The Leafs and Washington Capitals played an enjoyable and entertaining hockey game tonight, eventually culminating in a 2-1 shootout win for the Buds that wasn’t really deserved. But of course the Leafs will take the two points as they fight to keep pace in the competitive Atlantic Division. Here are some key points I took from the game:
James Reimer made 49 saves on 50 shots during the game and saved three of four in the shootout to preserve the win. As per Jonas Siegel on Twitter, Reimer now leads the league with a .947 save percentage. There’s not really much else to say at this point, except maybe Randy Carlyle should give Reimer more starts? Does that make sense? Common sense?
Rielly’s Coming Out Party
Morgan Rielly started this game like a man possessed, firing four shot attempts in the first period alone, eventually ending the game with eight, the most on the team. He was also tied Dion Phaneuf for the team lead among defensemen in corsi-for percentage*. He looked especially dangerous jumping into the rush in the four-on-four overtime period.
*All shot attempt (otherwise known as corsi) data is exclusively in five-on-five situations.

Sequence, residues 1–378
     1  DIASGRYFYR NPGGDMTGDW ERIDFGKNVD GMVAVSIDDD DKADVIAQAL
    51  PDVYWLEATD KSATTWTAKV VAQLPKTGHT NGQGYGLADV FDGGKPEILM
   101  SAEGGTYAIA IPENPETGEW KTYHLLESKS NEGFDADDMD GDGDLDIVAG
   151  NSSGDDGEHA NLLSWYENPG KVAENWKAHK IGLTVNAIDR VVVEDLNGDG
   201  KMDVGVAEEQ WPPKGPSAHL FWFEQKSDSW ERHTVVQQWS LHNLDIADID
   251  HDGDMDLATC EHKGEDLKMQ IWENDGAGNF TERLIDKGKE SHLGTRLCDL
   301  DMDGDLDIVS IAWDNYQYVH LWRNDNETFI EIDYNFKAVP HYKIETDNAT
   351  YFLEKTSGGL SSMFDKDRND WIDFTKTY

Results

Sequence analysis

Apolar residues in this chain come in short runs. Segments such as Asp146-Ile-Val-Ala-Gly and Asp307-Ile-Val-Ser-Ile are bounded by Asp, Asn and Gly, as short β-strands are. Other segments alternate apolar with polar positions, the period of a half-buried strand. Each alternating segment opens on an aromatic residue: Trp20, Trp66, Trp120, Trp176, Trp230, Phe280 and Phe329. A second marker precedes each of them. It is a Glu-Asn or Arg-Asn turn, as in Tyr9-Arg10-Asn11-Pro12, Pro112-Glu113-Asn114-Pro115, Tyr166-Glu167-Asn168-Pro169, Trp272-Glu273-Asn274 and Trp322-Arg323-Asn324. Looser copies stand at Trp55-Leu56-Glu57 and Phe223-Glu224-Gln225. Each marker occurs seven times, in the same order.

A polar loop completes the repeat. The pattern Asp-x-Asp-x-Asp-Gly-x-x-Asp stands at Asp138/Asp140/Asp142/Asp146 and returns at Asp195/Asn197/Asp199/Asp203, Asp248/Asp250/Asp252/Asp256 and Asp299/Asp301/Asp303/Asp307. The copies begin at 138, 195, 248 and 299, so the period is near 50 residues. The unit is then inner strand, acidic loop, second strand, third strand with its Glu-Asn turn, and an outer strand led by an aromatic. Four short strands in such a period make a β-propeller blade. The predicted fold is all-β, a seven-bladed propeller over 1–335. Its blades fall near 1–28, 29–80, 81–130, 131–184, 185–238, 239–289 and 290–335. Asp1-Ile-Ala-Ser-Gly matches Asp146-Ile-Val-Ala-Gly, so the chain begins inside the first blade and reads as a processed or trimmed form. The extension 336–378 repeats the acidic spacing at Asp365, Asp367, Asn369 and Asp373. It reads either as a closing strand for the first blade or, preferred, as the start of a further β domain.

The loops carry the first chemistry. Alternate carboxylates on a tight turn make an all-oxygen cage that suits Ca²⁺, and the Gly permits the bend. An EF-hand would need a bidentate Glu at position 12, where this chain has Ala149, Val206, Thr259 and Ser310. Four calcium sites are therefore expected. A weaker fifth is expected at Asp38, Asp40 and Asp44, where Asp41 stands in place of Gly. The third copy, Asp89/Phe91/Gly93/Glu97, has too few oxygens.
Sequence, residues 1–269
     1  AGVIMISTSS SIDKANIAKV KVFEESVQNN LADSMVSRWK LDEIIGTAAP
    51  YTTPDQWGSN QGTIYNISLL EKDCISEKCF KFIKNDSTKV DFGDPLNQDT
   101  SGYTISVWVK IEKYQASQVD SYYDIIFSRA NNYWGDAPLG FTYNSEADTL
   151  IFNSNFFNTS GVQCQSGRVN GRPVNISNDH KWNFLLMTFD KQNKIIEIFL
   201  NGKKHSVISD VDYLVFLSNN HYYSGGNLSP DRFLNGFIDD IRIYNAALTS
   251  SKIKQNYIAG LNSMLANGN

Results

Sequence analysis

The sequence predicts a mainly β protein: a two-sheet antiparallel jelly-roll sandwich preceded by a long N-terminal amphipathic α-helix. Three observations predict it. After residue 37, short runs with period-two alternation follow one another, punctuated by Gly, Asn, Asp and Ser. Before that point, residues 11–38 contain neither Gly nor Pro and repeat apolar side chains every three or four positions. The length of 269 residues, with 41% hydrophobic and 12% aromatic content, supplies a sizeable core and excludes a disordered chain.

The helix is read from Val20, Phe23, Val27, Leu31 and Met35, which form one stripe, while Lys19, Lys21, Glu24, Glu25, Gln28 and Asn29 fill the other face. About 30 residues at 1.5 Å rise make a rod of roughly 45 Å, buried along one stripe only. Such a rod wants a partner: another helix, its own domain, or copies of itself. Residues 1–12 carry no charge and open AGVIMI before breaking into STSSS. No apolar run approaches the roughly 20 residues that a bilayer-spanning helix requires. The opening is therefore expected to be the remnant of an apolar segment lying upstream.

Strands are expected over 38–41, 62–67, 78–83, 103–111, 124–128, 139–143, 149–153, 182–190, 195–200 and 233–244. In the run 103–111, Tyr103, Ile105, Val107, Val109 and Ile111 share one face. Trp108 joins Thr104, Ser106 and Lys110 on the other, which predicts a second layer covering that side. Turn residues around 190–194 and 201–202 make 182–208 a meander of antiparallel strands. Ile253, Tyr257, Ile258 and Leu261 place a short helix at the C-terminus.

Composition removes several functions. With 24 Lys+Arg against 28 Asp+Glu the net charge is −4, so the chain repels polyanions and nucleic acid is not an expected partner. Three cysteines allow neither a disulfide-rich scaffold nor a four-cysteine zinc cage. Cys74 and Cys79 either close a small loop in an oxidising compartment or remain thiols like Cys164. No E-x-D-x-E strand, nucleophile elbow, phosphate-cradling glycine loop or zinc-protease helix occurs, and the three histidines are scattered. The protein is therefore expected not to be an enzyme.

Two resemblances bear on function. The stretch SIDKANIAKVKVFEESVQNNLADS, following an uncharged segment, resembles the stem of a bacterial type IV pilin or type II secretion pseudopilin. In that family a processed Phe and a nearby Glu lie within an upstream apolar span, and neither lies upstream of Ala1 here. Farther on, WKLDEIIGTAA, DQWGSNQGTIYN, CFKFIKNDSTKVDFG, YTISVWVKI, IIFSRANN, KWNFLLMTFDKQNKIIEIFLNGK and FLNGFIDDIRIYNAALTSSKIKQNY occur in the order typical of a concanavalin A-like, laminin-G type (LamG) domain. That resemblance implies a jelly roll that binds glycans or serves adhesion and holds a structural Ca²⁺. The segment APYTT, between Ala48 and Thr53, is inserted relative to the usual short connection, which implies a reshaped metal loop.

Team Defense Needs More Work
The Leafs’ d-men actually played pretty well I thought, especially Phaneuf and Rielly. But after allowing 50 shots, the team defense clearly needs some more work. The Cody Franson and Jake Gardiner pairing was especially abysmal in limiting shot attempts, as Franson allowed 32 and Gardiner allowed 37. But the forwards also had a lot of trouble generating chances as well, as the team only had four shots in the third period.
Strong On The Rush
When the forwards did generate opportunities, they seemed to be almost exclusively off the rush. Many of these chances, although few, were high quality, and Capitals goaltender Braden Holtby made a few great saves. The top two lines especially were very strong off the rush, but those chances seemed to dry up late in the game. The team as a whole needs to figure out ways to vary their attack and simply get more time with the puck in the attacking zone so they can get more chances.